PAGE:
And when we exit from the microscopic environment the same phenomenon of transmission of resonance is being played within everything in this universe. The sonority of particles composing the vibrating strings with their mass and energy is also responsible to produce the atoms.

The latter are made up of energy and not physical matter. As a result the entire universe is made out of energy. But the energy appears as matter or object like the particles of the vibrating string in the sub-atomic field. This is the fundamental feature upon which the universe has been constructed and unified.

The string theory is considered as the theory of everything. And this corresponds well with the metaphysical concept of Om being the primordial sound originating from the strings advanced in the quantum theory of modern physics.

As Om resonates in the stings of atoms then according to the science of quantum physics atoms themselves are made up of whirling mass of radiating energy without manifested structure. Likewise, Om is not merely a sound but a mass of energy itself in invisible formation.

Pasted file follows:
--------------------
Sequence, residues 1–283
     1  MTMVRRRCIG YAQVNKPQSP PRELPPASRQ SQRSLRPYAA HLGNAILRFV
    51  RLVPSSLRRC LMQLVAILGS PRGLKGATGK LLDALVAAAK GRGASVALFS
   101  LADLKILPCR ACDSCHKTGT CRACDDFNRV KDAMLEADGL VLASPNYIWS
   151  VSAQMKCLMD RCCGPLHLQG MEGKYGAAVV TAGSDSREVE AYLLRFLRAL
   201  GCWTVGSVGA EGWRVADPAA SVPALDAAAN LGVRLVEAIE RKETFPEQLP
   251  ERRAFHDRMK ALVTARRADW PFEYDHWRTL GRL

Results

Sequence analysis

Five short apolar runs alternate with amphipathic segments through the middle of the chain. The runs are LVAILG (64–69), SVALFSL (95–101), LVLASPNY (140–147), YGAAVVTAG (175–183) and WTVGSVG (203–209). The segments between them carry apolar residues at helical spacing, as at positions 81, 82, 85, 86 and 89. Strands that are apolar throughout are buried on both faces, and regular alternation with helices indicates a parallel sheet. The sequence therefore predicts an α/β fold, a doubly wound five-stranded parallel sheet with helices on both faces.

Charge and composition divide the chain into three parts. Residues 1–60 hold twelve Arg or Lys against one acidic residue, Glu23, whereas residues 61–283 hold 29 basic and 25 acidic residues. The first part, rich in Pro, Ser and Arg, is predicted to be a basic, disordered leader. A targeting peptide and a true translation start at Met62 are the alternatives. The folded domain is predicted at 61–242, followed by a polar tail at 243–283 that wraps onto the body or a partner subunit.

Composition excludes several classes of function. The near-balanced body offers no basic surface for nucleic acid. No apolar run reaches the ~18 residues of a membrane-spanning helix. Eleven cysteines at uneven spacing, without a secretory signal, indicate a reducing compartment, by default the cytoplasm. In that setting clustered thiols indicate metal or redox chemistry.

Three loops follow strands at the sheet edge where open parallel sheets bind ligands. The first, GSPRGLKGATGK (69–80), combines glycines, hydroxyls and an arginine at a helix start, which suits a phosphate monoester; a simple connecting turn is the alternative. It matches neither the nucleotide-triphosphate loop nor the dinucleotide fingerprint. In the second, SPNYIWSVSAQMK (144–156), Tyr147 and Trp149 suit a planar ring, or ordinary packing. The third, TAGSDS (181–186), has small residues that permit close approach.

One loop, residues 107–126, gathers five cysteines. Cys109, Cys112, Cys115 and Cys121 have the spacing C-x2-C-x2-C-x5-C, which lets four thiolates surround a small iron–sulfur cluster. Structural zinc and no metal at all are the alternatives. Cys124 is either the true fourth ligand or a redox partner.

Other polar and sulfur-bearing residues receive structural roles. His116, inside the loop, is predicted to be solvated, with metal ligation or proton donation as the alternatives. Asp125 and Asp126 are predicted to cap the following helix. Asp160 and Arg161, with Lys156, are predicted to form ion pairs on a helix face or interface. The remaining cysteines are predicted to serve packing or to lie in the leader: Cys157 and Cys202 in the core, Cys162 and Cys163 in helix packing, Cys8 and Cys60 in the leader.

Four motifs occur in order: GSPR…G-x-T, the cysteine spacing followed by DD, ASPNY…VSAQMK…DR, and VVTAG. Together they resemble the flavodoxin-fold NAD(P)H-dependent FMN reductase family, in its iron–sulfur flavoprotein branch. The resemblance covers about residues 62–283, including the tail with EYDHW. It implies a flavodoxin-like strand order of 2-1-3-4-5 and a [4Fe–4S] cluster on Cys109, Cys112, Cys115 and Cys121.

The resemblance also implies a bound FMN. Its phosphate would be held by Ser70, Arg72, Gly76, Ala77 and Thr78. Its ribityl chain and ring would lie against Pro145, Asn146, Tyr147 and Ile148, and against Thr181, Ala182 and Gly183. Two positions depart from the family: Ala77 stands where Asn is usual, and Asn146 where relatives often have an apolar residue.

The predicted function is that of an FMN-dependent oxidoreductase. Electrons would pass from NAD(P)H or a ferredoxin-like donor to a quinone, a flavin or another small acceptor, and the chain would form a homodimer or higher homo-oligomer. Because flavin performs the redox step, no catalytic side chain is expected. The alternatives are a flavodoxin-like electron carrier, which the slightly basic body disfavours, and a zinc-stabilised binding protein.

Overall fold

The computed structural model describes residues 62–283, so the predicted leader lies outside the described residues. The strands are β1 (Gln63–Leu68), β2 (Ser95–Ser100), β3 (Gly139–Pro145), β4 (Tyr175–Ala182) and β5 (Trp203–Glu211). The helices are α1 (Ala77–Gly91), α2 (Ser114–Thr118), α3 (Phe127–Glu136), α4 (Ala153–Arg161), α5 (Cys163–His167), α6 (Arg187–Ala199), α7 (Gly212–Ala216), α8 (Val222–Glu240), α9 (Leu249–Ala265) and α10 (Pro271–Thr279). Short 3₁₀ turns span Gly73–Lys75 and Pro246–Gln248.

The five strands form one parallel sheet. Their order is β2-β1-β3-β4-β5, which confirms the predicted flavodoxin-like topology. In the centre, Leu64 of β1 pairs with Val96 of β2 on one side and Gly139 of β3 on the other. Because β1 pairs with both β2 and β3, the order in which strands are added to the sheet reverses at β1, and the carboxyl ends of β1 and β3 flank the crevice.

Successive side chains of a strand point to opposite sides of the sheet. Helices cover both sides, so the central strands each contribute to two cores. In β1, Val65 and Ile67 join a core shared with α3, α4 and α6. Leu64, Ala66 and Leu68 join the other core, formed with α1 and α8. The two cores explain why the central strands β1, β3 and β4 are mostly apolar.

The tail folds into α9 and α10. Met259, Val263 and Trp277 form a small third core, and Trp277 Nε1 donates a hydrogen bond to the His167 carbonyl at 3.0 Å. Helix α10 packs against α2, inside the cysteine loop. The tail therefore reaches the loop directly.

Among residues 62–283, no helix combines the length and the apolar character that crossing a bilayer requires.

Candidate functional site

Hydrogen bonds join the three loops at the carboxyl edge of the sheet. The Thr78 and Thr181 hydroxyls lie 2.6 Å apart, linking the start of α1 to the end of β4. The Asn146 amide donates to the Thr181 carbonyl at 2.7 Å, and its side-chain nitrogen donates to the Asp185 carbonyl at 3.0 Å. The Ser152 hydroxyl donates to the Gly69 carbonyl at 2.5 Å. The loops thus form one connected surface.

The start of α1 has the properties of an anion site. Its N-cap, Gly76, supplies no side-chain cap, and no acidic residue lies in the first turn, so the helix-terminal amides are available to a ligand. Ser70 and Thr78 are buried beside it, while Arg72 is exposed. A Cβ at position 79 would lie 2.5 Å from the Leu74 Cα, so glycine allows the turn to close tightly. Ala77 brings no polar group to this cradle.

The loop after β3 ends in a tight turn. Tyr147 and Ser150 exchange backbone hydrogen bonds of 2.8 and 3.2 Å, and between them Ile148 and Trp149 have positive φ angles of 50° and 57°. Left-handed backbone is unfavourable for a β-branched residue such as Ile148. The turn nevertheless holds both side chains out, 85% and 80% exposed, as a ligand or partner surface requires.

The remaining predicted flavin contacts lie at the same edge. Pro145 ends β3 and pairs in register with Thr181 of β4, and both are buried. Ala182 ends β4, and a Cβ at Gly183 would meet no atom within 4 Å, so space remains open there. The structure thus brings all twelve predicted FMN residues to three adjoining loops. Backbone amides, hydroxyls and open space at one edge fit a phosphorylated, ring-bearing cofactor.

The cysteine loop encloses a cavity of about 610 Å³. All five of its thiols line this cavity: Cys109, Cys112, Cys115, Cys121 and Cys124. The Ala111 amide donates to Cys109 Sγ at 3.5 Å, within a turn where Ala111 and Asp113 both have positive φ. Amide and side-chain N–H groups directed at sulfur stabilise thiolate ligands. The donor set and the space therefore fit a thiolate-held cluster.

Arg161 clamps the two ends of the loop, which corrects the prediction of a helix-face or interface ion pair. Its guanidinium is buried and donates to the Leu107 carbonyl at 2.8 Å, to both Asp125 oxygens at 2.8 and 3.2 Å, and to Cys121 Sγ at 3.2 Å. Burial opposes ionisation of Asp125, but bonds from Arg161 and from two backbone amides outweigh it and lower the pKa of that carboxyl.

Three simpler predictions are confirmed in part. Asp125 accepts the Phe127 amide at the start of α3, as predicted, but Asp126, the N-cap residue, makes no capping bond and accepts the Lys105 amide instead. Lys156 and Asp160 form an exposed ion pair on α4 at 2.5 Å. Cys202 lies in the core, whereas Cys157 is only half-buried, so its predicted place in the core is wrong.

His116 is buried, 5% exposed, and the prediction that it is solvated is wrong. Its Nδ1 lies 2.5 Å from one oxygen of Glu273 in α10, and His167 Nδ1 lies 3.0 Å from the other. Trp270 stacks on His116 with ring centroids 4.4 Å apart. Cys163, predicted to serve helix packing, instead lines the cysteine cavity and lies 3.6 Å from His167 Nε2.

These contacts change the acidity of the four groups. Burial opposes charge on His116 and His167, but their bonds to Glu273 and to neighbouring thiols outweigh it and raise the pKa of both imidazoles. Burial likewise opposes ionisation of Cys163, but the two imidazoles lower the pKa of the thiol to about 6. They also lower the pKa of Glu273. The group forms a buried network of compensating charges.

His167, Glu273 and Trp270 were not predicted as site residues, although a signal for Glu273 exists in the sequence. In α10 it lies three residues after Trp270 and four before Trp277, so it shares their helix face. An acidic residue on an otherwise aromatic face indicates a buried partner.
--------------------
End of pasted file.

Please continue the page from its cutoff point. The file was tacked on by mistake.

Om is energy constituting the universe.

The universe begins with Om. There is sound of Om in every matter. It resonates there till eternity. Its resilience lies both in the matter and the sound itself.

The creation of Om is in fact is the creation of the universe. And its cosmic vibrations keep the constituents of the universe connected.

In Hindu theology Om is referred as God in the form of sound. And the open design of its symbol represents the incomprehensible all powerful Absolute.

In its phenomenal role as constituting and preceding matter, and as vortices of energy that Om is considered as a sacred sound of genesis in the Hindu spiritual philosophy.

The unique symbol of Om occupies the foremost spot in the Hindu iconography. It is a spiritual icon. It is not merely a “tool” for meditations or for contemplating on mantras, but the syllable invokes cosmic presence in them.

“Hari Om” is a two-word mantra in itself, along with “Hari Om Tat Sat” or simply “Om Tat Sat”. The word ‘tat’ means ‘that’ or ‘all that is’. And ‘sat’ refers to ‘truth’. The latter is not evanescent or ephemeral rather everlasting. The mantra “Om Tat Sat” means: ‘that’ energy is the truth.

Om inaugurates spiritual prayers, rituals and yoga practices, and sanctifies these events. The expression ‘Hari Om’ is a popular form of greetings or salutation among Hindus.

The word ‘Hari’ is a representation of God and Om implies energy.

(excerpts from the book: Hinduism beyond rituals,custom and traditions)